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Visiting Celebration Park and the Rock Art Petroglyphs in Idaho

A longtime camper, Dan has experience with tents, pop-up trailers, camp trailers, and motorhomes.

Entering Celebration Park

Entering Celebration Park

Celebration Park, Melba Idaho

Celebration Park is Idaho's only archaeological park and is a fascinating place to visit for both adults and children. Located near Melba, Idaho in southwestern Idaho it is less than an hour's drive from Boise and makes a great day trip for visitors to the area.

Chief among the attractions at Celebration Park are the rock art petroglyphs left by the indigenous Indians of long ago, but it doesn't stop there. A visitor can learn to use an atlatl (one of man's very first hunting weapons), and as part of the Snake River birds of prey national conservation area, it is a bird watcher's paradise. Walk across the Snake River on a railway bridge from the 1800s and learn some of the history of the Snake River.

How to Get There

From Melba, take S Can Ada south to Victory Lane. Turn right; the end of the road is Celebration Park. There are signs posted to keep you on the right track.

Once there, stop in at the small visitor center as there is a wealth of information about the park and its history. There are a few tent camping sites available, all without amenities. Several picnic tables are perfect if you take a lunch; advisable if you plan on spending the day as there is no other food or drink available.

The area is surrounded by boulders of all sizes, all rounded and smooth. Millennia of freeze/thaw cycles and rain have cracked or broken many, but they almost all share that same rounded smooth surface regardless of size. These "watermelon rocks" were carried by the great Bonneville flood for hundreds of miles in some cases as some 1,200 cubic miles of water from Bonneville lake coursed through the snake river about 15,000 years ago and scoured the topsoil and basalt from the snake river canyon. Probably because of their smooth surface these large boulders seem to have made a perfect "canvas" for the rock art of the petroglyphs.

Small trails wind through the area past the petroglyphs, and tours are available and recommended; the guides are very knowledgeable and helpful.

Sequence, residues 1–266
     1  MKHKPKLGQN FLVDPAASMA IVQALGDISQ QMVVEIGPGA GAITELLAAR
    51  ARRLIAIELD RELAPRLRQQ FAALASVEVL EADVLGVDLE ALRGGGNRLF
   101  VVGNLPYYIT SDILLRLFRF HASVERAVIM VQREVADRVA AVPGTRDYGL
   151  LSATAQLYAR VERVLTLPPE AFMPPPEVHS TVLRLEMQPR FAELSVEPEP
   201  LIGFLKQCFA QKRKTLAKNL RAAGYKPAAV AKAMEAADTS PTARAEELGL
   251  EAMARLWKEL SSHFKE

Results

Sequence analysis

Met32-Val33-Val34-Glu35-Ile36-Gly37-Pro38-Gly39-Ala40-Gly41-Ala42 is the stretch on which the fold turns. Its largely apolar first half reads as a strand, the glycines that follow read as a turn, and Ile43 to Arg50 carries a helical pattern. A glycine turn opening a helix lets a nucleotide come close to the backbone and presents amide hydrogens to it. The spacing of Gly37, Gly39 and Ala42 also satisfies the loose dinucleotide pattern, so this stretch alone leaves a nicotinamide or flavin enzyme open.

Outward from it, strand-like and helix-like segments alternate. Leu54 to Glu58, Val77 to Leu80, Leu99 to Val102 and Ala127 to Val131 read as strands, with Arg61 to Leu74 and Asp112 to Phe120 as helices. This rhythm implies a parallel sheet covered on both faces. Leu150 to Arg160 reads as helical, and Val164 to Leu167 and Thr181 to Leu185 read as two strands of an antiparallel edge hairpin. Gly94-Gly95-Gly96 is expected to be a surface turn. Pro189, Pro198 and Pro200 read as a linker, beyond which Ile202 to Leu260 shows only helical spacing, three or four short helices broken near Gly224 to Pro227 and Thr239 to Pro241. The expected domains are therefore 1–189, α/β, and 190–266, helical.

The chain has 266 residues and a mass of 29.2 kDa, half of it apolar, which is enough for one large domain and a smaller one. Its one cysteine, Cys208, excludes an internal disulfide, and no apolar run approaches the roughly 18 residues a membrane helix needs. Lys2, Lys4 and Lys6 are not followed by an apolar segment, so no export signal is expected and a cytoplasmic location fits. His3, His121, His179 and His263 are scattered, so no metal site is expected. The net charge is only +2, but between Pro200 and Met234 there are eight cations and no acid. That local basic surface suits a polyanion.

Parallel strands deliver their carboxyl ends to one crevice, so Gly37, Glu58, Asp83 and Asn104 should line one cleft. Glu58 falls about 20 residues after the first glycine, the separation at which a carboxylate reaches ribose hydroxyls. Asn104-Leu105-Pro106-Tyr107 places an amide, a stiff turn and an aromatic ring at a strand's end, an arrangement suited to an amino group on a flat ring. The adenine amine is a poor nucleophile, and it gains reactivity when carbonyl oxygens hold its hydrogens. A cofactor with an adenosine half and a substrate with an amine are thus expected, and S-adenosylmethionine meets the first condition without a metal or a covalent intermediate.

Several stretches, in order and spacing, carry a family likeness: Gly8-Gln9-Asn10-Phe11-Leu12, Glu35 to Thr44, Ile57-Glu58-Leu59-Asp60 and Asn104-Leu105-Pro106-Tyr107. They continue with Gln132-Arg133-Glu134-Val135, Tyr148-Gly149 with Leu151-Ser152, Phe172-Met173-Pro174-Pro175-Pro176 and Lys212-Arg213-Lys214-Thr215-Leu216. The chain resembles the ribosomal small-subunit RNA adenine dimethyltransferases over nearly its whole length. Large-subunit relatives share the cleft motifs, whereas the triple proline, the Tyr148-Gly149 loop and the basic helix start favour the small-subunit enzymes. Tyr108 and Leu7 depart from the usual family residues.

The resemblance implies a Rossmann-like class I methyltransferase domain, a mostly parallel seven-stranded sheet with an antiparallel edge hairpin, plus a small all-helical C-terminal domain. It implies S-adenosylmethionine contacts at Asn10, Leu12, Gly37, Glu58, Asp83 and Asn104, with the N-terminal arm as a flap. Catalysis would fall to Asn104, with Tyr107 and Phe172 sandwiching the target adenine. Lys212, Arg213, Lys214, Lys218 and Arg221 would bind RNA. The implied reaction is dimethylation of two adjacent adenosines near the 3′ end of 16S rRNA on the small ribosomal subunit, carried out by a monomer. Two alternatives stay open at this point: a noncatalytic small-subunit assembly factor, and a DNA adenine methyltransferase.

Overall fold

The park has set up a small atlatl range and visitors are welcome to try their hand at using these unique tools.

Fishing is popular at the park, as is hiking (of course!), horseback riding, boating, and birding. As part of the Birds of Prey National Conservation Area, various kinds of these fascinating birds are often visible.

Rock Art Petroglyphs

Petroglyphs are images that have been pecked or abraded onto the surface of stone. Although sometimes lumped in with pictographs (painted images) or hieroglyphics (early writing) they are neither.

No one knows for sure what the images mean—it is even possible that they had meaning only to their creator, or to their friends or family. At this time, your guess as to the meaning of most of these enigmatic images is as good as anyone else's.

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The petroglyphs in Celebration Park are open to the elements and have eroded over thousands of years as a result, but humanity has done the most damage. The park asks that we do not climb on, touch, or deface the rock art.

There are around 5,000 petroglyphs in the park; the photos below show only a bare handful.

The Atlatl Range

The atlatl range was fun and interesting for the whole family. Even our four-year-old member tried his hand at using them and got an arrow at least partway to the target.

An atlatl is a short carved piece of wood that is used as an extension of the hunter's arm to throw a longer and heavier "arrow" much further, faster, and harder than he ever could without the tool. About 18" long, it is carved with a hook on one end to hook onto the back of an extra-long arrow (about four feet long) and a handgrip near the other end with a curved end to help hold on to it. The end is placed onto the end of the arrow and the arrow rested in a groove carved into the top of the other end. With a simple throwing motion, the arrow is thrown at the target (a wooly mammoth, perhaps) with great force.

When we visited our entire group tried their hand at it—one four-year-old boy, two boys about 10, grandpa, and even grandma. We must have thrown over 100 arrows all told, and I think one boy hit the target once. It's harder than it looks!

The Old Railroad Bridge

Nearby, on the road into the park, is an old railroad bridge. It was to be built to haul the silver ore from Silver City and the silver mines there. It had to be designed to carry the enormous weight of a trainload of rock and there were only a handful of bidders for the task, but it was completed in 1897. Just as the silver ran out and the silver mines all shut down.

It was used for quite a few years by BN&O trains hauling livestock but was eventually abandoned and left to rust. As a historic landmark, it has been restored as a footbridge across the snake river; a short stroll across results in some beautiful views both up and downstream on the river. The children particularly enjoyed the bridge, and followed a steep path down to the river bank and back up. If nothing else, it wore them out for the drive home!


Built in in 1897...

Built in in 1897...

The old railroad bridge is now a foot bridge.

The old railroad bridge is now a foot bridge.

© 2012 Dan Harmon

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